This is a wonderful activity that I like to do either as a vocabulary review or an introduction, particularly for young learners. It is easy to create a wordsearch, all you have to do is search for the term ‘Wordsearch Maker’ in Google and you will be directed to various different websites dedicated to the creation of word search puzzles. However, I would recommend the Teachers Direct website as a tool to create puzzles for language learners. It is wonderfully simple to create and all you have to do is to type out the target language in the website. This activity lends itself well to non-romanic language learners such as those that are Arabic or Asian speakers as they must get used to the spelling of the English language.
There you have it, all 10 ideas for introducing target language in the classroom. What are your favourite ways to introduce language in the classroom? Do you have any additional ideas? Why not share your 10 ideas? Thanks for reading and I hope you get some of these ideas into the classroom in the future.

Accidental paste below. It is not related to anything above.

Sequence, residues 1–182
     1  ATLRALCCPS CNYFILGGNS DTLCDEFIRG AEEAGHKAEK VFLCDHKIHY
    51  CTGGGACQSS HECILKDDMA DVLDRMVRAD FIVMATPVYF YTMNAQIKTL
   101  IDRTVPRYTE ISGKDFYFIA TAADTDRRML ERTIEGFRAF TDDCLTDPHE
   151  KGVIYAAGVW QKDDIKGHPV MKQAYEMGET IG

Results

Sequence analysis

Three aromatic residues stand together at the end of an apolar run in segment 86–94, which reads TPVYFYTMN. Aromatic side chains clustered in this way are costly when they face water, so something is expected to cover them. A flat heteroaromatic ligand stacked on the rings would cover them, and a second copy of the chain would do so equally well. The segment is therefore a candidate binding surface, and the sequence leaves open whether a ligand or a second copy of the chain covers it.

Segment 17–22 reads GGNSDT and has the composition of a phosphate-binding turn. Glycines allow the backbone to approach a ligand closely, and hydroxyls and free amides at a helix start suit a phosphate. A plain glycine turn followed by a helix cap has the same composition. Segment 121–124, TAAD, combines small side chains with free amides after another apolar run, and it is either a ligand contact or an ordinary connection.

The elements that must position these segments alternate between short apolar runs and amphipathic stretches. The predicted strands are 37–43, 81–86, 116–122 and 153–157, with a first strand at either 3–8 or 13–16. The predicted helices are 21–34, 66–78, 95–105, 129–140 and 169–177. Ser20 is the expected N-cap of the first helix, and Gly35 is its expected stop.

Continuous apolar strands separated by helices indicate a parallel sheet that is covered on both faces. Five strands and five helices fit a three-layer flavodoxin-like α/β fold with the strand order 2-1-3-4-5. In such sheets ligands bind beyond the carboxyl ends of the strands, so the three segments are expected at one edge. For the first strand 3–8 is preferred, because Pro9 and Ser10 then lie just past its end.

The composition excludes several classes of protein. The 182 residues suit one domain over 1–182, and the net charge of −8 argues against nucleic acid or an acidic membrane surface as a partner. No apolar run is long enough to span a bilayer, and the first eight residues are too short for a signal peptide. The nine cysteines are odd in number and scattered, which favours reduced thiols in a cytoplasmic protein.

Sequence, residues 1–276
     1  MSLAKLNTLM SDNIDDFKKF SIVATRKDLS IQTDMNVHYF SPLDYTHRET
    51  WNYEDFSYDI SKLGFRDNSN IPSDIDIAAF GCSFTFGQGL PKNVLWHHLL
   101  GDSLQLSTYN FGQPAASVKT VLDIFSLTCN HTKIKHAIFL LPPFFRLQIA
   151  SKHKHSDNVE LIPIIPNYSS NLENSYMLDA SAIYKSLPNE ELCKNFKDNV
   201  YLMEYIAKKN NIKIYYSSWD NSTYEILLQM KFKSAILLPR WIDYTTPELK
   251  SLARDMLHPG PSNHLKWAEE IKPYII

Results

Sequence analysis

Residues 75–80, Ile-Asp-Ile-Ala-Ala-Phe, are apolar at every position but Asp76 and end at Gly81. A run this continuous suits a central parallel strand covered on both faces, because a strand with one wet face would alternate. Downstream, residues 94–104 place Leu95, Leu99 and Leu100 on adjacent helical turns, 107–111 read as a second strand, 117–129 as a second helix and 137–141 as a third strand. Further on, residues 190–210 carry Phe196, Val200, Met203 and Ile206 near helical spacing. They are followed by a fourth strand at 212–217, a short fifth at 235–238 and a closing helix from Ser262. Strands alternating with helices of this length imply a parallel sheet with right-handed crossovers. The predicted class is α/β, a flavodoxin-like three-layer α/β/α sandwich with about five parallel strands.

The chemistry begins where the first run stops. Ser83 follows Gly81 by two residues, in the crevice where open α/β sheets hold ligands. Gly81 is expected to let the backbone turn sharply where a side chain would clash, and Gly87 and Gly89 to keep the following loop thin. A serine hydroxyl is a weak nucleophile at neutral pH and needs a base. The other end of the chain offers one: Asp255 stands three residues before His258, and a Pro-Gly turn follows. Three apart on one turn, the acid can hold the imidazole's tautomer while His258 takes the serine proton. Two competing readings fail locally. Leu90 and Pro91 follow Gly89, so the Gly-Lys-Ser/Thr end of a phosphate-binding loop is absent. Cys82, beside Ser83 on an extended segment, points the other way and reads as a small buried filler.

Thank you, very good tips, I must remember this in my ESL classes!
Reblogged this on The Echo Chamber.
Just to let you know that we’ve shortlisted this blog post for this month’s TeachingEnglish blog award and I’ll be putting up a post about it on today’s TeachingEnglish Facebook page http://www.facebook.com/TeachingEnglish.BritishCouncil, if you’d like to check there for likes and comments.
Thank you Ann for shortlisting my blog post. I will definitely check the British Council Facebook page.
Thanks a lot for the list. It’s likely to be helpful when creating lesson plans with new vocabulary.
Have a nice day!
Wow, such an awesome piece Martin! I really enjoyed it! Which one of these approaches is the most effective one?
Thanks for your kind words. I enjoy the stress patterns for introducing key vocabulary and then combining it with a definition matching task. It is useful and really engages learners. Let me know which approach you find the most effective.